Film Review: The Watermen (2011)

SYNOPSIS:

A clan of watermen capture a crew of sport fishermen who must then fight for their lives.

REVIEW:

As far as horror sub-genres go, I have never been particularly fond of torture p*rn. Oftentimes good story telling is neglected in favor or over-the-top gore and violence. While watching people get skinned alive is certainly cringe-worthy, I don’t think it is necessarily scary. And I want my horror movies to scare me. Hostel is a great example of a torture p*rn that also manages to be terrifying story-wise. The idea that one minute you can be traveling around Europe with your friends having a good time, and the next you are being tortured and killed for no other reason than because some rich a-hole wants to see what it is like, is scary. Throwing a bunch of vapid, pretty people on a boat in paradise and having them get kidnapped by island rednecks and killed to make chum (that is basically fish food for all those that might have never seen Jaws or a fishing show) is kind of silly.

 

The Watermen is written, directed, and produced by Matt L. Lockhart, who doesn’t have much of a career in horror films before this movie so I guess this was a learning experience for him. And he obviously worked hard on it and gave it his all. It looks really good, actually. Digital movie cameras are just about the best thing to come along for movie makers these days, as they can make any film on just about any budget look top drawer. The makeup and effects are also well executed (a bit of an unintentional pun there). The blood and dismemberment certainly looks real enough, which is important when you are trying to creep out your audience.

 

You know Jason Mewes? That guy from Jay and Silent Bob? He’s in this, as someone besides Jay, except that Jason Mewes is Jason Mewes no matter what he is in (apparently) and Jason Mewes is basically Jay with a slightly less filthy mouth. He’s also the first person in the group to get brutally murdered, which I bet parents around the world would cheer over. And there are boobs for boob’s sake, I guess, as there is no real sexy business going down in this film. But if you are going to have a hardcore modern horror torture p*rn film I guess you are required to have boobs make at least one appearance. And they are nice boobs, so it isn’t like it is a hard scene to watch (even for me and I’m a girl who is more of a legs fan than a boobs fan), it just doesn’t really serve any purpose other than for viewers to go “hey, boobs!”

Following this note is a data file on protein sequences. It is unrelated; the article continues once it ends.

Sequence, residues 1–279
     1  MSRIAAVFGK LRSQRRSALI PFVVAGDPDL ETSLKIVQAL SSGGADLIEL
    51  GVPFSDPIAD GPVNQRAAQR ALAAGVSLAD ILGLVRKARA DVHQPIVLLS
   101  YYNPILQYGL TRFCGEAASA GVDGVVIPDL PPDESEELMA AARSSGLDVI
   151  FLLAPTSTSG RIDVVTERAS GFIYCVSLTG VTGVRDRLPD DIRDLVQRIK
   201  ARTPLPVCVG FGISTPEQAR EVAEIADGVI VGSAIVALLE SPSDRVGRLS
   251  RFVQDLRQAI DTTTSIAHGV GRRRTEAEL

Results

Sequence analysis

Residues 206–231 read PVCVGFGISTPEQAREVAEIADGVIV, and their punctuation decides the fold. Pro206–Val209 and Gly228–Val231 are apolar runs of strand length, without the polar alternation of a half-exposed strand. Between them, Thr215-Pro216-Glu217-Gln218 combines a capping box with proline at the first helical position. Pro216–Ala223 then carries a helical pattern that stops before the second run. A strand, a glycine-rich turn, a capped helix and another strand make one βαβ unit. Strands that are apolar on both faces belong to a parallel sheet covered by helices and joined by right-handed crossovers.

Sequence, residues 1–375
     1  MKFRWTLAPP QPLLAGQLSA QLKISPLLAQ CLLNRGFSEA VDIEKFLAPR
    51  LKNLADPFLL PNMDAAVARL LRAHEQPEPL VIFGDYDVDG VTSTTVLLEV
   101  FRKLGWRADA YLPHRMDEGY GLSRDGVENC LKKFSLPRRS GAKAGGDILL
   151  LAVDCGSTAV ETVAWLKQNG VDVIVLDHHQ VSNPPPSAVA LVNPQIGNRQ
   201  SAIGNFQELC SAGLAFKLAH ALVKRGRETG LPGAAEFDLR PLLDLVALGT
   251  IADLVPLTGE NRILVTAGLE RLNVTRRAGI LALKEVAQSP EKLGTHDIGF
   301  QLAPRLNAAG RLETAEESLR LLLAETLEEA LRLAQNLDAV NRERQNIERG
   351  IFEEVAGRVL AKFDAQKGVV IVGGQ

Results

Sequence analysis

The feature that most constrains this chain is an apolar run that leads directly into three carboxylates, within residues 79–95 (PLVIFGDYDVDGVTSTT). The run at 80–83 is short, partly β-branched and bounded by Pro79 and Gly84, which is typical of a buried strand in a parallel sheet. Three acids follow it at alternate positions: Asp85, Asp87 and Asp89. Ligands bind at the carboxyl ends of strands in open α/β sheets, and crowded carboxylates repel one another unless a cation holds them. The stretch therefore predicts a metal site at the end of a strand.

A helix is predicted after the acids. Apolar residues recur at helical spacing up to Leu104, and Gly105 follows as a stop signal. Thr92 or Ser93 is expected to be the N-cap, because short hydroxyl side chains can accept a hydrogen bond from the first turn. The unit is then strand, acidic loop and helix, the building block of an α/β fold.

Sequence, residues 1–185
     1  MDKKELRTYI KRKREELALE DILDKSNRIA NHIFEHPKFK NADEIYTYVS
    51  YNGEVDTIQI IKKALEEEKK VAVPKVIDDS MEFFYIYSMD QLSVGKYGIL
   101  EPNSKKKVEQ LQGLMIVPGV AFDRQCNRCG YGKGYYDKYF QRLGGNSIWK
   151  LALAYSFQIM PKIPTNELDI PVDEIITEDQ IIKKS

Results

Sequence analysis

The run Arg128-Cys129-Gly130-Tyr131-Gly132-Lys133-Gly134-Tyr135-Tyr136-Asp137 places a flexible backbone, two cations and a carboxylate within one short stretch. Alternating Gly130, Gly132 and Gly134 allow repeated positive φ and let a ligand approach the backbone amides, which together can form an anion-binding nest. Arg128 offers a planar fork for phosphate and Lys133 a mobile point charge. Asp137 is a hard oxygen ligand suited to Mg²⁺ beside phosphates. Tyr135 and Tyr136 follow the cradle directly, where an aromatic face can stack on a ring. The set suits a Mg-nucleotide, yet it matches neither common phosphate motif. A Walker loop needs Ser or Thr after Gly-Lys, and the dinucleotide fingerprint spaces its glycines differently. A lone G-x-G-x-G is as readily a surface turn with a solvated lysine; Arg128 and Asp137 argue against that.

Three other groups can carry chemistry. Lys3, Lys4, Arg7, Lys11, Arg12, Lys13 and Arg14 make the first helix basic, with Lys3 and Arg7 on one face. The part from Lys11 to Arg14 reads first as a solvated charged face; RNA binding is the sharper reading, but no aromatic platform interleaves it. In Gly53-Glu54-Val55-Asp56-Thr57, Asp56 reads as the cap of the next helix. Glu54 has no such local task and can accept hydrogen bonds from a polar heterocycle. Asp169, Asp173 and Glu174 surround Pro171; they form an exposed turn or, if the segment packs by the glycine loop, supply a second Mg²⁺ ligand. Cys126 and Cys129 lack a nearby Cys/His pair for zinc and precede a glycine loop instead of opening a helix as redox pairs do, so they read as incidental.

Richard Riehle is also in this. He’s one of those great character actors who you know you have seen before a million times but off the top of your head you can’t think of where. It took me about 20 minutes before I realized he was the “Jump to Conclusions Mat” guy from Office Space. He was funnier in that. Though I suppose the purpose here wasn’t for him to be funny. The rest of the cast is basically just a group of random pretty people, some of who can’t act very well (though the ladies can all scream quite heartily which I guess is why they were hired) but look good running around sweaty and dirty and almost naked. Their deaths are violent and ugly and painful looking and they give their best to make it as hard to watch as possible. The sexual violence seems pretty realistic, and was hard for me to watch (so I pretended I was asleep for a few minutes), and the escape scene was really only mildly annoying as poor attempts at escapes go. You know how it is when you can see that the plan sucks and is going to fail and everyone needs to move faster and you start screaming at the screen for them to get their damn butts in gear? That only happened twice, which is certainly better than in some films I’ve seen.

 

Overall I wish this film could have just been better. It had some great, gross special effects, and some nice, gritty, chase scenes. But it was predictable. I picked out early on which actors were going to survive and I was right at the end. I knew the end was probably going to have a fake out moment or two, and I was right again. I saw through the Nice Guy act one guy played, so wasn’t at all surprised when he popped up with the bad guys later. And while I guessed that the redneck island a-holes were cannibals and it turned out they were using people for fish food instead, I was still close enough to being right that it basically counts. When a film is predictable it just isn’t scary, no matter how disgusting the death scenes are. While I give The Watermen props for certainly trying, I think it could have done better.

The Watermen (2011)

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